Database II — Low level file access in C/C++
Accessing data an a low level is important for all kind of software that aims to be fast and effective and needs direct data / storage access.
Low level file access in general
In the following we will think about low level file access in Linux/Unix. Some examples in C/C++ are used for demonstration. This section is used to introduce the idea of random access and establishing the mindset behind how file access works. We will used abstractions for this later, but we need some basic knowledge of file handling.
High level vs. low level
We first have to define what we mean when we talk about high level and low level file access. When talking about low level file access we are talking about direct system calls on kernel level. When talking about high level file access we are talking about a wrapper around system calls that is placed in user space.
For our implementation we need some basic system calls that help us opening, closing, reading and writing a file. For reading (/ writing) we want random access, so we can read and write from wherever to wherever we need. These calls can be found in:
Implementation in C
For demonstration we will write a very simple file using C language here. The source code is quite simple:
The first step is obtaining the file descriptor via #open(filePath, flags) where the file path gives where the file is located and the flags what we want to do. You can imagine the file descriptor like a pointer to the underlying file. All our other file regarded system calls need the file descriptor as a target.S
We now can fill some example data to an array and write this array using #pwrite(fileDescriptor, buffer, amount, offset) where the amount says how many bytes from the buffer should be written to the file descriptor beginning at the given offset.
Last step is closing the file. Simple, huh? Now we can take a look at what we have created with this code.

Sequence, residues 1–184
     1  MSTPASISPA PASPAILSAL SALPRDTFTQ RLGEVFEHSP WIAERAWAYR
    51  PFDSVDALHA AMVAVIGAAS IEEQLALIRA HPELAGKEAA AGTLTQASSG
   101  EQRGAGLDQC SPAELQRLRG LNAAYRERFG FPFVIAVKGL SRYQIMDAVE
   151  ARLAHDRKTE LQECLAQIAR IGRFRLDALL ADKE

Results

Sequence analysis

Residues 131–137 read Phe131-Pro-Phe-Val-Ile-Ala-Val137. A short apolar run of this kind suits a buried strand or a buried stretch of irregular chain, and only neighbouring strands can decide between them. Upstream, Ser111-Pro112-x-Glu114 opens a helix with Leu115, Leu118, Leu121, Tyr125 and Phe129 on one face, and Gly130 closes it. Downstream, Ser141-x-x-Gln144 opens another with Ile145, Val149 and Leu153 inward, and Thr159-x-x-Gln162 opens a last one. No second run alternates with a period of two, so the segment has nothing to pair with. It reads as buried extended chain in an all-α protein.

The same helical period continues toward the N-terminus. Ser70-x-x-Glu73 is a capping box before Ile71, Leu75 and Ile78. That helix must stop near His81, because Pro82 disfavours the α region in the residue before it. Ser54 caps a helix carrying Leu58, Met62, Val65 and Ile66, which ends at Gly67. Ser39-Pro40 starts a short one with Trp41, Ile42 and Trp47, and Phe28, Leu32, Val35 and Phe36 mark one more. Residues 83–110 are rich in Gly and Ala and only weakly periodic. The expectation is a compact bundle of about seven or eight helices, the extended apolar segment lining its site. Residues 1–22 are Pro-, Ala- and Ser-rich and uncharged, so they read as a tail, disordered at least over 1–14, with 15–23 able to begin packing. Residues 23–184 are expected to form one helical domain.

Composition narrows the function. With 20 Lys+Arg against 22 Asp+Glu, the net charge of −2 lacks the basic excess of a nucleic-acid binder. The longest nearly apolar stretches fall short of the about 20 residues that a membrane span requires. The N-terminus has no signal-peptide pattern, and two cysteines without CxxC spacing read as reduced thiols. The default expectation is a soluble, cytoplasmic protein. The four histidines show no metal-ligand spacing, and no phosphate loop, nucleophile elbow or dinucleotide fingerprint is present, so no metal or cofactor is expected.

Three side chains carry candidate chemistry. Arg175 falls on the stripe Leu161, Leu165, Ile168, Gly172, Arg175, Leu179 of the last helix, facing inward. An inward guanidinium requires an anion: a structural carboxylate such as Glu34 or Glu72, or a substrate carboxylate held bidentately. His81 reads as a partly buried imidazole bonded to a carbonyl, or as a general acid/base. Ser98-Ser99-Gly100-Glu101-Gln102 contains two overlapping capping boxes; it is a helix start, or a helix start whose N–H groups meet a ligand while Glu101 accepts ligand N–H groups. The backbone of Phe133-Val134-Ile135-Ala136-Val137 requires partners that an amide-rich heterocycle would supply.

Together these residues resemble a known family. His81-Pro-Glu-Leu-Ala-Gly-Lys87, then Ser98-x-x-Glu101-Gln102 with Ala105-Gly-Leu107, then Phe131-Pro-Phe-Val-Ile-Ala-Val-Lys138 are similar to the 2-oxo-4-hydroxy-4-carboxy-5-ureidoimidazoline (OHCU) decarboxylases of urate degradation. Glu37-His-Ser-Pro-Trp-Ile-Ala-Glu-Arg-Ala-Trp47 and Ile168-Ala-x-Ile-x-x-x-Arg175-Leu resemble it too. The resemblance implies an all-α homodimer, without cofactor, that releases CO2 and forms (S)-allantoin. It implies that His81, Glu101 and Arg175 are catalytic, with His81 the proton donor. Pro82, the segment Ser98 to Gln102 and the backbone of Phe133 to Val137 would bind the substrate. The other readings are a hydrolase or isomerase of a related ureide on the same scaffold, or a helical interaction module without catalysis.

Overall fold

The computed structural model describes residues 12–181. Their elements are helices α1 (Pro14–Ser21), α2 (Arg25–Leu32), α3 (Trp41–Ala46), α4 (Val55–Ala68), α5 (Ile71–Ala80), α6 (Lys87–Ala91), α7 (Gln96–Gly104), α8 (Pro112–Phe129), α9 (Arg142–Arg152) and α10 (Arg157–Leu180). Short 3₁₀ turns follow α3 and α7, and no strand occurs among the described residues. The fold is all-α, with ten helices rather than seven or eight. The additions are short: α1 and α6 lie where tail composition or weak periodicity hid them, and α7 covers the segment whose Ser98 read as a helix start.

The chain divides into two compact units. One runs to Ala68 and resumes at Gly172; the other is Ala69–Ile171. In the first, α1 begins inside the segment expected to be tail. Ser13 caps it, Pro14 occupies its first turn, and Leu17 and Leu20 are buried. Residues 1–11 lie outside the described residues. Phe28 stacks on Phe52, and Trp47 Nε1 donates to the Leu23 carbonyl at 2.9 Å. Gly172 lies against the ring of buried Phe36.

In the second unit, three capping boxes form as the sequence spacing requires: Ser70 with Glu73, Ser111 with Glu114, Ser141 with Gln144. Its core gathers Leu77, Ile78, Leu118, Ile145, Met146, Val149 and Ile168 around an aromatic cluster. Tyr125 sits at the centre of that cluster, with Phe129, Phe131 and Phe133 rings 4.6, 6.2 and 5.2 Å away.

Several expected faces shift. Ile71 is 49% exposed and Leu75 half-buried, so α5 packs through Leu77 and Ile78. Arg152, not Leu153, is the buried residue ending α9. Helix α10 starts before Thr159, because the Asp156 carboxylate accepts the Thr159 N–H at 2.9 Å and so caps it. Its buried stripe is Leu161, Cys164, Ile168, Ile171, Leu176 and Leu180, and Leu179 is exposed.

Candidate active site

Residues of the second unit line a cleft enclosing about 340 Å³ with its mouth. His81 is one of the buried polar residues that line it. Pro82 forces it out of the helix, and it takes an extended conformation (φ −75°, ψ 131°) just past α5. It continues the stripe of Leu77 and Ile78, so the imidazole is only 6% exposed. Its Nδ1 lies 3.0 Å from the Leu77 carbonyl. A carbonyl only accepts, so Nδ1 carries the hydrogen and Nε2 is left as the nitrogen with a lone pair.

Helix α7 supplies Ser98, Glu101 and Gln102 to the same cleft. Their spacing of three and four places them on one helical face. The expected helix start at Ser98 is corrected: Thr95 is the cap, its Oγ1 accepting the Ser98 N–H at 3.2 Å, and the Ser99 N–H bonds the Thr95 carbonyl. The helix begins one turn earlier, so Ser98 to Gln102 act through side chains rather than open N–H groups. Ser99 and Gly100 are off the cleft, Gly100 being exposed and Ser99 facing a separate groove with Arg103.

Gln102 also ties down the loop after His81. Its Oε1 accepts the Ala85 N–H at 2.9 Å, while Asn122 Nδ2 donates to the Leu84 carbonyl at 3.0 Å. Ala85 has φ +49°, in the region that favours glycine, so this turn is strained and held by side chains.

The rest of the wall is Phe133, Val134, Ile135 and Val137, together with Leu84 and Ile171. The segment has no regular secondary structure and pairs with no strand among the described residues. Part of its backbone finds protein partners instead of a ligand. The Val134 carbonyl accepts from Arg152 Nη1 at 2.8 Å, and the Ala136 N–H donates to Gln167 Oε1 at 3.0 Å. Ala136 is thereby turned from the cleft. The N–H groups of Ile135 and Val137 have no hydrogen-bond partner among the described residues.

The system output:
The resulting file is looking very spectacular, when opening it with a hex editor (I use https://hexed.it/):
When we now calculate the other way round:
Surprise surprise, the same we put in! We have made our first step about writing data to a file using low level file access! As a human can read the file we created and the result is correct, what about the computer using the last system call we didn’t use yet: pread?
Following the same procedure like with writing we first create the file descriptor. This time we open the file for reading!
Then we recreate the buffer with the same size and throw it into our pread call.
The last step is just printing out what we have read and then closing the file.
The system output:
That is black magic! Or, how programmers call it: Low level file access.
Abstraction for our database’s low level access
While this low level file access is very fast and powerful we won’t use this directly in our application. Maybe implementing our own file access is a task we can approach later but for now we will use a bit higher API provided by the corresponding standard library of our programming language.
Defining an interface for our file system access layer
We have learned enough to be able to define a simple interface around our file access layer. The main idea is really simple: Random read and write access. When putting this into a C++ header file, a result could look like this:
As you can see we construct a file system accessor by the name of the we are accessing. Under the hood we will use ifstream/ofstream for reading and writing files. These are nothing but a wrapper for the raw calls shown above. The corresponding private fields were left out for demonstration reasons.
Low level file access is a mighty tool when you want fast and direct access on data. But you should always use it with caution as operating on a low level is always more risky and less error tolerable. It’s ok to use wrappers like ifstream/ofstream in C++ or ByteChannel or FileChannel in Java. These will also be the ones we will use when we implement our low level file access layer in the next part of our database series.